Longtime Coral Springs Resident and Longest-Held U.S. hostage in History Reportedly Dead in Iran

Bob levinson

Robert “Bob” Levinson and his daughters. Courtesy family.

By: Anne Geggis

Without specifics, a Coral Springs family announced they and U.S. officials have been forced to conclude that Robert Levinson, a retired FBI agent who disappeared in Iran more than 13 years ago, is dead, according to a statement on the family-run page, Help Bob Levinson.

Levinson, 72, who disappeared March 9, 2007, was the longest-held hostage in U.S. history. The FBI had offered a $5 million reward for information leading to his safe location, recovery, and return. His body has not been recovered, according to the statement.

“We recently received information from U.S. officials that have led both them and us to conclude that our wonderful husband and father died while in Iranian custody,” the statement reads. “We don’t know when or how he died, only that it was before the COVID-19 pandemic.”

Bob Levinson’s children at a rally held for him in Coral Springs in 2016. 

Iran has been among the hardest hit by the coronavirus, which has become a global pandemic, with an estimated 14,000 infected and more than 850 killed.

Levinson had been a resident of Coral Springs for more than 30 years, with all seven of his children attending Broward County Schools. His wife, Christine, still lives in Coral Springs.

Bob Levinson Hostage

Bob Levinson’s children at a rally held for him in Coral Springs in 2016. Photo by Sharon Aron Baron.

The family last received “irrefutable proof” that the FBI retiree was still alive in 2010 in the form of a videotape of him pleading for help in returning home. He appeared shackled, unkempt, and considerably thinner than when his family last saw him. Four photos of him were delivered in April 2011.

The family condemned the “cruel, heartless” Iranian regime they blame for his imprisonment, according to the page. The Iranian government has largely denied all involvement in his disappearance from Kish Island, Iran, where he was working under murky circumstances.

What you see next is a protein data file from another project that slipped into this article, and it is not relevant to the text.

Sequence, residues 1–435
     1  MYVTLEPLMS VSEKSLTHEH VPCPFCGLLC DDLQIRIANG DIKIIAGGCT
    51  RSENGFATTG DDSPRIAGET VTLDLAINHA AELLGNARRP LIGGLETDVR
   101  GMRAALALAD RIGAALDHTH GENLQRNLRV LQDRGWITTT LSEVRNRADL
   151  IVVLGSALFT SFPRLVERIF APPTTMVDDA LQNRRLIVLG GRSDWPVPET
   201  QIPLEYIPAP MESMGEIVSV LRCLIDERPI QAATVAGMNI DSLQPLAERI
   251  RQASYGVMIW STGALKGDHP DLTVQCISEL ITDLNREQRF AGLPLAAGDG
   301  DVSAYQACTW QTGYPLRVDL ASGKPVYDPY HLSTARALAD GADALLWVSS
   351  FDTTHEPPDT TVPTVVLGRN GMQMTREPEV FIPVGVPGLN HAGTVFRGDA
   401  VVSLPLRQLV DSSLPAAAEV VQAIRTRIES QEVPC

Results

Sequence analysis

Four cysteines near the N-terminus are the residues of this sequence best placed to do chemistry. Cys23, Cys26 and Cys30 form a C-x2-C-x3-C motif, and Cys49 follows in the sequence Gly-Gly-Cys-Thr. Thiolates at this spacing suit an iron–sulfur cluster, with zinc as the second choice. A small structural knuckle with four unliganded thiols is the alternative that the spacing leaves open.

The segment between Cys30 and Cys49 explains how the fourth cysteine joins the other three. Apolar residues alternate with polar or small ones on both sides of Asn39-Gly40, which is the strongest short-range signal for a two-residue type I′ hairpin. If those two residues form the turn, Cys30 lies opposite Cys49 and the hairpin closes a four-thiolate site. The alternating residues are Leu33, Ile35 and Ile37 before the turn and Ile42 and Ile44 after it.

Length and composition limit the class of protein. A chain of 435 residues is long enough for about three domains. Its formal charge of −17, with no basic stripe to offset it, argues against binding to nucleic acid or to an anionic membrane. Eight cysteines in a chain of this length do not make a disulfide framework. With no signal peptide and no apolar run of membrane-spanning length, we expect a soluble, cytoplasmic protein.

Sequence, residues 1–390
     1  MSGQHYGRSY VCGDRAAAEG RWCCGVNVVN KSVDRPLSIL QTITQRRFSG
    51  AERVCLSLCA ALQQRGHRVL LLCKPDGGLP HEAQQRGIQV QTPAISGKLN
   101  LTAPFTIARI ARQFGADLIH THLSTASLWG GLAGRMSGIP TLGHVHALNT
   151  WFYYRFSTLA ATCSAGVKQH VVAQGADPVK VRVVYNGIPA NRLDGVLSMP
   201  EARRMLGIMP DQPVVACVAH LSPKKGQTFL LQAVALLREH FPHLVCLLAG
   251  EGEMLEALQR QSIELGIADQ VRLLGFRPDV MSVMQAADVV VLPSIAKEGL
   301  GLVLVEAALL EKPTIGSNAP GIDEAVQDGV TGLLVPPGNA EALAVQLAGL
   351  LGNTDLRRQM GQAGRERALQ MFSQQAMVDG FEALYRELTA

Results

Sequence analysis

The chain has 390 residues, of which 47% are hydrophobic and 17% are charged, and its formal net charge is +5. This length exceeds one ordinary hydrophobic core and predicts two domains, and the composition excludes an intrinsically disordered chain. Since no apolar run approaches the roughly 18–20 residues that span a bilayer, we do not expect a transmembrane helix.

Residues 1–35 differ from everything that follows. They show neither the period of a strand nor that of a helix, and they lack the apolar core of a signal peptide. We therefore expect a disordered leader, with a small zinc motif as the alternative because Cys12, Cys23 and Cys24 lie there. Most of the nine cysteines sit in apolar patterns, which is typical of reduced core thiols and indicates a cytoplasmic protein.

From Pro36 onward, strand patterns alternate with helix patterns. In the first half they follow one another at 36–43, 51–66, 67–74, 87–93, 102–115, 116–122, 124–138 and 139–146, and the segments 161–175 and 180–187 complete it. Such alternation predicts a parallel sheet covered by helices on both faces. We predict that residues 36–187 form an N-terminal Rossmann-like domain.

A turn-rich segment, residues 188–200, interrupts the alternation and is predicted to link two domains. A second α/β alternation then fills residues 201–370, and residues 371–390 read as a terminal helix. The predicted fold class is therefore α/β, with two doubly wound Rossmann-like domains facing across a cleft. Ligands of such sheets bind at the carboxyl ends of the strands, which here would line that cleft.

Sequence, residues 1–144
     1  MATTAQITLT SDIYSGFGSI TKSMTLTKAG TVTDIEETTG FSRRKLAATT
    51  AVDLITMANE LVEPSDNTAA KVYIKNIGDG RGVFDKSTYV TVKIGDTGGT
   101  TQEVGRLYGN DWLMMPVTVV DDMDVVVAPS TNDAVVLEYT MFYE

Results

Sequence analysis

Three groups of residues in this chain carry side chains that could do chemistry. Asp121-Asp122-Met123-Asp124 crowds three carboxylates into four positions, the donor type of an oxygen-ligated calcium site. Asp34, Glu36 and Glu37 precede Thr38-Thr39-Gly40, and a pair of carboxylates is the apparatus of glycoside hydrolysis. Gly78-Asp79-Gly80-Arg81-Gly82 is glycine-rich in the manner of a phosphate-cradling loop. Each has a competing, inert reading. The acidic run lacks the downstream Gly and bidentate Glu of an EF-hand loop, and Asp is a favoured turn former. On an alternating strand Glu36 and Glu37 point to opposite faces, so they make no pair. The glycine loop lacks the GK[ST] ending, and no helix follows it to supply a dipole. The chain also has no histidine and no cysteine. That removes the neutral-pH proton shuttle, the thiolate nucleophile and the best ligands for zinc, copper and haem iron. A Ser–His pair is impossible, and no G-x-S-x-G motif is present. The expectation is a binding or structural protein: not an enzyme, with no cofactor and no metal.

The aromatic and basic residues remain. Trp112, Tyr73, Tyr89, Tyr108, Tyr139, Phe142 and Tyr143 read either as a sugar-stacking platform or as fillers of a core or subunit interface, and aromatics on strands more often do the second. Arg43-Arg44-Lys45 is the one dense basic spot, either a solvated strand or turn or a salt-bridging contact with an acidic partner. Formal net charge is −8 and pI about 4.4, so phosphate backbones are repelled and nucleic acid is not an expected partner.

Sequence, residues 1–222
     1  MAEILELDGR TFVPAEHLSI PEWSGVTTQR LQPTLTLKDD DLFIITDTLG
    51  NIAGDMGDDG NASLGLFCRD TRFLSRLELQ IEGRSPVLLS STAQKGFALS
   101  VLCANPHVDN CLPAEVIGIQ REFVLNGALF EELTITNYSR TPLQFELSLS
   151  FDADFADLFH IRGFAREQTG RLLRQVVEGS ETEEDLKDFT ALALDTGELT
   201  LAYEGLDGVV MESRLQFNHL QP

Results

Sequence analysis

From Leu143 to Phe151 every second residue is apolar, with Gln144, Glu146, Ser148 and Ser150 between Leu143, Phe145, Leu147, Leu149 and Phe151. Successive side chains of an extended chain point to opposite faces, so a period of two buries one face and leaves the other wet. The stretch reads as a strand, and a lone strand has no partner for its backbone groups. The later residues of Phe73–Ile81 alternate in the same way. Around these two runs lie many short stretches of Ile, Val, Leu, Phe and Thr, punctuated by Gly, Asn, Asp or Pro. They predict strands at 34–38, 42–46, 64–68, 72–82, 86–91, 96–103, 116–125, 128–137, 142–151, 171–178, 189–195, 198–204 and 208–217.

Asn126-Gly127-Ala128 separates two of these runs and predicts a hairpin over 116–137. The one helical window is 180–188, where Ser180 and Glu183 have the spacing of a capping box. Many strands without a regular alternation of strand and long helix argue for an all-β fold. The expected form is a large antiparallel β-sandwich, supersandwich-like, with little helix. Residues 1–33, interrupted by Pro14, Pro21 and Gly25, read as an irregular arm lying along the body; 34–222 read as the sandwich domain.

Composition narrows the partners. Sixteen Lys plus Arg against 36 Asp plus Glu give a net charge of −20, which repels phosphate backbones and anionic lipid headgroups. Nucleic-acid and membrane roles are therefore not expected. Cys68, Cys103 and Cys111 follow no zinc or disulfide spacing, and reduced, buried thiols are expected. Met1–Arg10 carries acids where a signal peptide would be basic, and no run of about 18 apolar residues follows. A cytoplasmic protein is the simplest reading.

“Bob Levinson should have spent his last moments surrounded by his family and all the love we feel for him,” the statement reads. “Instead, he died alone, in captivity thousands of miles away, in unbelievable suffering.”

In 2010, the family received “irrefutable proof” that Levinson was still alive via a videotape.

The family’s statement said that a memorial service would be held when the COVID-19 pandemic is over. But a certain finality is still missing.

“We don’t even know when, or even if, his body would be returned to us,” the statement says. “This is the very definition of cruelty.”

The Help Bob Levinson Facebook Page has almost 16,000 followers. The FBI increased its reward for information leading to his location, and safe return from $1 million to $5 million in 2015. That and the other rewards offered totaled more than $25 million, according to the Washington Post.

“It is impossible to describe our pain,” the statement reads. “Our family will spend the rest of our lives without the most amazing man we have ever known, a new reality that is inconceivable to us.  His grandchildren will never meet him. They will only know him through the stories we tell them.”

Bob Levinson hostage

In 2010, the family received “irrefutable proof” that Levinson was still alive via a video tape.

The family also thanks President Trump, U.S. Rep. Ted Deutch, U.S. Sen. Bill Nelson, U.S. Sen. Marco Rubio, and Senator Bob Menendez, and their staff members, “who fought for Bob Levinson in every possible way.”

U.S. Rep. Ted Deutch’s office issued a statement praising Levinson’s noble service for the country and his continued commitment.

“We will never stop fighting to bring Bob home,” Deutch’s statement reads. “Sadly, that’s now a fight to bring him to his final resting place with his family. “ 

The family will spend the rest of their lives seeking to hold those responsible for the death of their husband, father, and grandfather accountable, the family’s statement says.

“… The Iranian regime must know we will not be going away,” the statement says. “We expect American officials, as well as officials around the world, to continue to press Iran to seek Bob’s return, and to ensure those Iranian officials involved are held accountable.”

It is signed, “Christine, Susan, Stephanie, Sarah, Daniel, David, Samantha, and Douglas and the entire extended Levinson family.”

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Anne Geggis

Anne Geggis
Anne Geggis has been a newspaper reporter for 30 years, most recently at the Sun Sentinel. She graduated from St. Michael’s College in Colchester, Vt., with a double major in journalism and sociology.

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